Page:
If you are familiar at all with the 1960's folk scene you'll relish the new Coen brothers film, "Inside Llewyn Davis." And if folk music is not your thing, don't worry, there's a story here that will capture your attention and give you lots to think about,
Folk singer, Llewyn Davis played wonderfully by Oscar Isaac, is playing a small Greenwich Village Club where the camera peers through the smokey haze created by an attentive audience sitting at small tables listening to his rendition of the gloomy traditional tune, "Hang Me, Oh Hang Me." He accepts their applause, but doesn't seem particularly moved by it.
We learn quickly that Llewyn doesn't have a home. He crashes on whatever couch or floor is offered, lugging his guitar and bag of clothes from door to door. While babysitting a cat, he leaves a window open and winds up searching the city for the lost feline. Llewyn is a lost soul, mainly of his own doing. You get furious at some of his decisions but can't stay mad at him for long. Is it really all his fault?
As with most Coen brothers films there are accompanying characters that provide some rich and rewarding moments. John Goodman does another one of those patented cameos, this time as a drug addicted jazz musician who hates folk music. Justin Timberlake plays Llewyn's best friend, whose wife, well played by Carey Mulligan, is also an important part of the story.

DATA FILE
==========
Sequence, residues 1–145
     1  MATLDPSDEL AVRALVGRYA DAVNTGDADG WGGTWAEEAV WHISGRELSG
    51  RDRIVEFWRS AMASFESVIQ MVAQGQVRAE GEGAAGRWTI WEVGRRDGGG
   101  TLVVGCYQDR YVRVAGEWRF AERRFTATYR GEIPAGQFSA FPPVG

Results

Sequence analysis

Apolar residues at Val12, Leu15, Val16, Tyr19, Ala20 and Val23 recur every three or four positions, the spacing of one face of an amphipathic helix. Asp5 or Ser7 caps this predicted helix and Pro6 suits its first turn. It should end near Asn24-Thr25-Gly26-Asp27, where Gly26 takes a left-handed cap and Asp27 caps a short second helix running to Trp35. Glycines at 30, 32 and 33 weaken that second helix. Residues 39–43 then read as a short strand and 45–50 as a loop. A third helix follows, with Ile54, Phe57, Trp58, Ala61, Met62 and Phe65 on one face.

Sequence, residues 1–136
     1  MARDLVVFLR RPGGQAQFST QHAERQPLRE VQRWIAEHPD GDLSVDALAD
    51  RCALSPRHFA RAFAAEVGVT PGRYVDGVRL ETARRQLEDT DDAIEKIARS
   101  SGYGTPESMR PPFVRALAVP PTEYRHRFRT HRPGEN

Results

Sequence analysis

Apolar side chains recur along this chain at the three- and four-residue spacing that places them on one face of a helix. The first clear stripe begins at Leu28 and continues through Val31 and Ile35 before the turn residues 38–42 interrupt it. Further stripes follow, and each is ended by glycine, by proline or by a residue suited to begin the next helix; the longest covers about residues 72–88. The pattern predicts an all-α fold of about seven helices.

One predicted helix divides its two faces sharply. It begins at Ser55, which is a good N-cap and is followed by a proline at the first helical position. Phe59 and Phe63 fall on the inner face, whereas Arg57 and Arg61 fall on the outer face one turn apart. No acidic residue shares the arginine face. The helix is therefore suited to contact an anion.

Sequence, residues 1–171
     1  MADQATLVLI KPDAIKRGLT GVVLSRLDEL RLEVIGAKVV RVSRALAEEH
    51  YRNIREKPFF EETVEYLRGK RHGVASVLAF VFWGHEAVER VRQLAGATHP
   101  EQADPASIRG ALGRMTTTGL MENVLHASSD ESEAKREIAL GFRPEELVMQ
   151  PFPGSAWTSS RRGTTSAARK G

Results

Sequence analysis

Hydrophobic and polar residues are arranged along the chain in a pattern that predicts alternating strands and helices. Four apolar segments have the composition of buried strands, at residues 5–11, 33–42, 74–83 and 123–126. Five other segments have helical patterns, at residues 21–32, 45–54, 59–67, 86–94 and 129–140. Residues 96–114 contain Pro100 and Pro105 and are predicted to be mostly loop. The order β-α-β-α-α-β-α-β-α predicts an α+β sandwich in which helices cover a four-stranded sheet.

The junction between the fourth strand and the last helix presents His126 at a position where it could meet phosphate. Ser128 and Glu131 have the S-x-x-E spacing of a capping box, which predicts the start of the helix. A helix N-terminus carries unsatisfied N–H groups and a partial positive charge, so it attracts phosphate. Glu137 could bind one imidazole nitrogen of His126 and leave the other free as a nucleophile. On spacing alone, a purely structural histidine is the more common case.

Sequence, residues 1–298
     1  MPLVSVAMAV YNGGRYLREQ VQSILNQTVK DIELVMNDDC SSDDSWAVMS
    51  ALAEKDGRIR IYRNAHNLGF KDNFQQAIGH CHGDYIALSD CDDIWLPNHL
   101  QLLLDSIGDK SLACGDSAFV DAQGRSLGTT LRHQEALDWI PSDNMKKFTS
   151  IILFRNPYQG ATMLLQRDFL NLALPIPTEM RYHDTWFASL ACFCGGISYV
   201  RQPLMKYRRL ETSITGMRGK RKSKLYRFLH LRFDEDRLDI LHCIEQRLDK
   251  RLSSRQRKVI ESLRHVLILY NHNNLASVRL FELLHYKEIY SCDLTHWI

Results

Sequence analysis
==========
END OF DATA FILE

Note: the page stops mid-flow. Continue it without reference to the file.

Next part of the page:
At times it's a very funny talein a bleak sort of way and the talents of T. Bone Burnett who put the music together always bring us back to reality. I saw "Inside Llewyan Davis" early Saturday afternoon (12/21) and have been wracking my brain ever since to come up with a phrase that might sum up the experience and now (Noon on 12/22) I think I have it. Watching this movie is like to going to a good old fashioned Irish wake. We can't do anything for the intended, but we sure can have fun reliving his life.
Time: 105 minutes
Rating: "R" for language including some sexual references
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